Aug 25, 2014

Review: Lake Mungo (2008)

Lake Mungo is a mockumentary in name, but it's not a comedic sort in the same vein as This is Spinal Tap or A Mighty Wind. It's a horror/drama mockumentary. It sounds weird but it does end up working quite well. While the format itself is not going to make for the scariest movie known to man, it can get really, really creepy. That's the true strength of Joel Anderson's Lake Mungo.

Lake Mungo did open in its native country and two years later was able to secure theatrical distribution in the United States, courtesy of After Dark Films. Clearly we're talking about a handful of theatres and that's not really surprising. The found footage genre exploded in 2007 with twelve movies and many more followed in the next few years. The market can only withstand so many after all. Lake Mungo isn't a found footage horror movie but it's pretty easy to lump it in with the rest of them at quick glance. The film does however have some slight elements of found footage but in no way does it truly fit into the genre.


Genre: drama, horror, mystery
Directed by: Joel Anderson
Produced by: Georgie Nevile, David Rapsey, Joel Anderson, etc.
Written by: Joel Anderson
Music by: N/A
Running time: 87 minutes
Production company: Mungo Productions, Screen Australia, SBS Independent
Distributed by: After Dark Films, Eagle Films, Earth Star Entertainment
Country: Australia
Language: English
Budget: $1,400,000 AUD
Box office: N/A

IMDb entry
Rotten Tomatoes entry

Starring: Rosie Traynor, David Pledger, Martin Sharpe, Talia Zucker, Tania Lentini, Cameron Strachan, Judith Roberts, Robin Cuming, Marcus Costello, Chloe Armstrong, Carole Patullo, John Dunn, Laurie Dunn, Kirsty McDonald, James Lawson, Phillip Boltin, Glenn Luck, Simon Wilton




Alice Palmer (Talia Zucker) is with her family on a beach before completely disappearing. Her family, refusing to believe she's dead, get the police involved in a search mission. Eventually, they find Alice's body submerged in the water two days later. Strange things begin happening around the Palmer house such as noises coming out of Alice's room or even actual sightings of her. This prompts the Palmers to do what they can to delve deeper into the events surrounding Alice's death.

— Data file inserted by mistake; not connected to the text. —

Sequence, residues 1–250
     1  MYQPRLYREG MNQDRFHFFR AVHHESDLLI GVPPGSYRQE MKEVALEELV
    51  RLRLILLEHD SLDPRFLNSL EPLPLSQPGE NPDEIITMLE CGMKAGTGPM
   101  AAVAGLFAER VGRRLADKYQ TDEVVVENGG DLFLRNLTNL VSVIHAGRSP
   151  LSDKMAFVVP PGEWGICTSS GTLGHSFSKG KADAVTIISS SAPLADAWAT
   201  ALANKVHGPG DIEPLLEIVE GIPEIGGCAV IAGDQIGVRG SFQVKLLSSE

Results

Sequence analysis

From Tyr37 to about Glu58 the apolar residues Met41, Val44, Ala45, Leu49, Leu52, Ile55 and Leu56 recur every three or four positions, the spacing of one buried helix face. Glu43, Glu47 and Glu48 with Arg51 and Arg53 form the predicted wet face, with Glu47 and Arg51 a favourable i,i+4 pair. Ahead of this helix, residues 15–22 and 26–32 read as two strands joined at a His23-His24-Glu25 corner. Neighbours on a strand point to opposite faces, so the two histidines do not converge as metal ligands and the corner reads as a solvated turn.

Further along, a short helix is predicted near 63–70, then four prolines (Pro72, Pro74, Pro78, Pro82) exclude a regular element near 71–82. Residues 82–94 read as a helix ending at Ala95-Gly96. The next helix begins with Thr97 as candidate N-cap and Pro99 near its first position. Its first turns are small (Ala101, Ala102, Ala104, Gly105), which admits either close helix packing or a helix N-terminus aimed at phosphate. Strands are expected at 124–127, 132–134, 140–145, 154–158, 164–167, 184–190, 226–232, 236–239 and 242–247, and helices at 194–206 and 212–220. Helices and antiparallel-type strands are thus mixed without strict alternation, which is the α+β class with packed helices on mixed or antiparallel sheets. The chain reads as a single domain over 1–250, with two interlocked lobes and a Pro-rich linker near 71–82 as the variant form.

Lake Mungo looks like some sort of TV documentary that you'd catch a part of and forget about pretty soon. Joel Anderson has done a great job at completely emulating the proper style and to be honest I even found myself drifting in and out of attentiveness. I'll admit that there are some dull parts but Anderson isn't about to cut the boring stuff and only give you the meat now is he? I commend him for his insistence on staying true to his chosen format and I think that it's what makes Lake Mungo so creepy.

That's because when it comes to what's scary in Lake Mungo, there are some intensely chilling scenes. Nothing that's going to make you jump out of your seat, but you're going to be sitting on your couch, transfixed, dreading what might or might not come next. With just some zooming and some sort of off-putting sound, Joel Anderson creates some pretty haunting stuff.

Bringing up M. Night Shyamalan in a positive light is a risky thing to do but I'm going to do it anyway. If you haven't seen Signs yet, skip the rest of this paragraph (also, go see Signs while you're at it). You remember that scene in Signs, where that alien steps out from behind a bush at that Mexican children's birthday party? Obviously right? Those are the kind of chills you'll get from Lake Mungo and I'm kind of getting the shivers thinking back on what I'm talking about as I write this.

Joel Anderson sticks to his mockumentary format even when it comes at the cost of some periods of dullness. I'm OK with that because it makes this whole production feel a lot more real. The chilling moments in Lake Mungo are worth their weight in gold and you got to see the entire movie to properly appreciate them. Joel Anderson isn't about to turn horror on its head or anything but Lake Mungo is a completely satisfactory way to watch some horror.



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